“I’m new to New York so I’ve had a very positive experience with this because it allowed me to meet with a lot of photographers I hadn’t met before because I was primarily a West Coast art producer. I’ve been doing a lot of FotoWorks and was paid $100 for 3 hours. For every terrible photographer you meet, you meet someone you think you might be able to use for something. It could be someone you would never have come in contact with or ignored on email or promo and actually had a face-to-face with them. And I thought it was a good event. The more you can face-to-face with an art buyer or producer I think it’s a win/win. And it’s a good way for artists to connect and get feedback on their portfolio, especially those with no rep.” 

–Hilary Jackson, Saatchi & Saatchi

via Continuing the Conversation with NYC Art Producers. Part III: The Dessert « Heather Elder Represents Blog.

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  1. I have never been able to justify the expense of one of those events, but I suspect the $300.00-$500.00 cost of these events would be money just as well spent on a workshop to improve your photo or marketing skills. Doing the research and spending the money on direct marketing thorough carefully planned materials, would also be a better use of limited funds, in my opinion.
    But then again, I’m in a small market, so maybe it would be a good venue to get exposure to more fruitful venues. It would only pay off though if new clientelle and new income could be attributed directly to results gained from the event in some way.

  2. Several interesting concepts in that statement: art producer – an interesting term considering that artists (photographers) produce the art. Who pays – perhaps the people looking for photographers should be paying the photographers to attend.

    • I was going to suggest that too!

    • Most photographers that attend these are not ready to tackle significant productions, or sway clients. The buyers attending are definitely not going to pay for it.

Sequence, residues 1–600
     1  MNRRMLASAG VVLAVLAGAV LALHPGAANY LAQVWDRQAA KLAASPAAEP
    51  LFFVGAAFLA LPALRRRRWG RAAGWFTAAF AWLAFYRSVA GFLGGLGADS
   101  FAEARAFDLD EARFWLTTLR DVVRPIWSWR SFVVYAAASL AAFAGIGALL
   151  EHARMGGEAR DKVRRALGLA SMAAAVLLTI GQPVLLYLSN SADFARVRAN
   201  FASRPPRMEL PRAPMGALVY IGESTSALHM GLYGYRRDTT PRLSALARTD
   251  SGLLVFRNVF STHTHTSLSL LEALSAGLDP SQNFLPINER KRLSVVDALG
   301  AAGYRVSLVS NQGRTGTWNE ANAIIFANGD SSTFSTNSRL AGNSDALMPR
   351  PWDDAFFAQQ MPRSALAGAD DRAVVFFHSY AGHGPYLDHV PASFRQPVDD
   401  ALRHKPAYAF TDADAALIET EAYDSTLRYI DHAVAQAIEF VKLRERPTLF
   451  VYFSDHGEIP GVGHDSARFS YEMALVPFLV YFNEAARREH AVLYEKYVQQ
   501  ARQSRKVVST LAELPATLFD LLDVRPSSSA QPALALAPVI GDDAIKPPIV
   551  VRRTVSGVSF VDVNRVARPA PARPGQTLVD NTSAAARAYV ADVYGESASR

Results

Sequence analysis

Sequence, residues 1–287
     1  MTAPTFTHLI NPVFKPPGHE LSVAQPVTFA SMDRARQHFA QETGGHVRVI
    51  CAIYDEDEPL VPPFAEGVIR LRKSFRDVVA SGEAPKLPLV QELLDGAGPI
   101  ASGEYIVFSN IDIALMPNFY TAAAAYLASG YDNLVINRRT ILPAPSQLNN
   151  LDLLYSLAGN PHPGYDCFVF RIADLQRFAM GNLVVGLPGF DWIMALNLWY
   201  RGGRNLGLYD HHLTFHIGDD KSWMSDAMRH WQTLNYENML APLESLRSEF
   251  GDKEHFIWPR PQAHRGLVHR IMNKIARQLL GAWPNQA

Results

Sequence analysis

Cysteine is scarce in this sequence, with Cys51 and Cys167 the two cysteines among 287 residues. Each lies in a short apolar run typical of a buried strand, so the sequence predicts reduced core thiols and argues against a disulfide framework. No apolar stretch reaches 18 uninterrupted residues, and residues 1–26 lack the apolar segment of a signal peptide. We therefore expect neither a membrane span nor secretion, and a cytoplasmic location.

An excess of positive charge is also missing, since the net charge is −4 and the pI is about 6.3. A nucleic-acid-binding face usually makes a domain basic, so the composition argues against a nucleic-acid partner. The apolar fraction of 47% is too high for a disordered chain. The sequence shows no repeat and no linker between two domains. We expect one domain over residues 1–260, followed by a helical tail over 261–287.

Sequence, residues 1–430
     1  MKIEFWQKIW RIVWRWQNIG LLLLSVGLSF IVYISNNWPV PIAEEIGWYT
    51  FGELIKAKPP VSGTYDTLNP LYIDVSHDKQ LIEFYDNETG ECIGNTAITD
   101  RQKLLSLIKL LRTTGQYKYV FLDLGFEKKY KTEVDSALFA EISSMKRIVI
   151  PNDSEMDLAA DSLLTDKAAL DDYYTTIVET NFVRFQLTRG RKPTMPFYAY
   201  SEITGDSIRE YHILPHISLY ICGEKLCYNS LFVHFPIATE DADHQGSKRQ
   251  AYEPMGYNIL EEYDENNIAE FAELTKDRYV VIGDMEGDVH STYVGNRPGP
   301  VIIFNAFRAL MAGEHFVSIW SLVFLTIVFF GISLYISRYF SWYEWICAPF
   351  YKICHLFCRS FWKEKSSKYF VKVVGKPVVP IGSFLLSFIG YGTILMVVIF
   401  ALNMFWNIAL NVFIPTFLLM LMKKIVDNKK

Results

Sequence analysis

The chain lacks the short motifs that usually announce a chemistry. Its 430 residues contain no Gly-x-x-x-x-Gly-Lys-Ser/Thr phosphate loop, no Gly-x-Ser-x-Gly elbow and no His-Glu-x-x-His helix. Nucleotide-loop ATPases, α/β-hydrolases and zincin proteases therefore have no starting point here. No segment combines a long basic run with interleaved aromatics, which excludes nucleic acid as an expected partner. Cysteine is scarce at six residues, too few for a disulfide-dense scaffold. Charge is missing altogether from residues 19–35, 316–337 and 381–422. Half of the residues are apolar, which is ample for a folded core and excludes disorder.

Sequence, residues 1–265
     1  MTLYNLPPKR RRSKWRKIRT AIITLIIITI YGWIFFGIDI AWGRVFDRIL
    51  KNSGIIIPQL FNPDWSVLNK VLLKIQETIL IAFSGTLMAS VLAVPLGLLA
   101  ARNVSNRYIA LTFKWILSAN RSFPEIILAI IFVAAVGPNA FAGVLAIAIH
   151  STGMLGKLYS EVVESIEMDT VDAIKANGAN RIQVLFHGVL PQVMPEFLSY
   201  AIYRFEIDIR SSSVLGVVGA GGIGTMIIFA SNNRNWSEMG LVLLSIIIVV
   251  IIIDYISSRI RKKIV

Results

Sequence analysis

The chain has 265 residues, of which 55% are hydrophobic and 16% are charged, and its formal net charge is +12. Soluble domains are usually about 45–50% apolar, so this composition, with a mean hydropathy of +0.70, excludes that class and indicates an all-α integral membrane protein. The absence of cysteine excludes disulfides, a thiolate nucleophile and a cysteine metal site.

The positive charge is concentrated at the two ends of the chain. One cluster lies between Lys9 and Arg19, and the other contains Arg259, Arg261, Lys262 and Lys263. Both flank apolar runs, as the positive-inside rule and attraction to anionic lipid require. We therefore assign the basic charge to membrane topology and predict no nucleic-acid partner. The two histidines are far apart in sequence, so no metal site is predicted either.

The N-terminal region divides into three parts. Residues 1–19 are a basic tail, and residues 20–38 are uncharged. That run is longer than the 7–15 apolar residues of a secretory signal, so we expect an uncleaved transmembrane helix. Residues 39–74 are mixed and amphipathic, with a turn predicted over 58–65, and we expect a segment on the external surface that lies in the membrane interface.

The photographer will get feedback that hopefully they will find useful and act on. Sometimes they’re disappointed, but usually it’s either they chose reviewers poorly or their work just isn’t as good as they thought. On occasion, a reviewer will meet someone with the goods but without a rep that is right on the cusp and just needs a nudge.

  3. Admittedly, the mere mention of pay-to-play gets me riled. I’ve spent most of my life as an actor in Los Angeles, where paid “workshops” (aka auditions) are commonplace, and are now illegal (1). For years I paid thousands of dollars to attend these workshops with the understanding that it was the only way to get myself seen by the attending casting director.

    In an industry as saturated with young hopefuls as film acting, talent/casting scams have become the norm. Even “respectable” casting directors are pimping themselves and their powerless associates out, doing something they used to do on their own dime – FIND TALENT.

    Perhaps the proliferation of pay-to-play workshops for photographers is due to the rise in the number of photogs doing business now, or the digital age that is overwhelming art producers with promos, emails, and newsletters that have become a downright annoyance to them. I read an article here recently about ad agencies not even accepting printed promos anymore. (2) With that kind of regulation, paid workshops might possibly increase in number and go the way of the criminal casting workshop.

    (1) – http://www.backstage.com/news/casting-workshop-crackdown/
    (2) – http://plain-glass.flywheelsites.com/2012/10/24/agencies-who-no-longer-accept-printed-promos/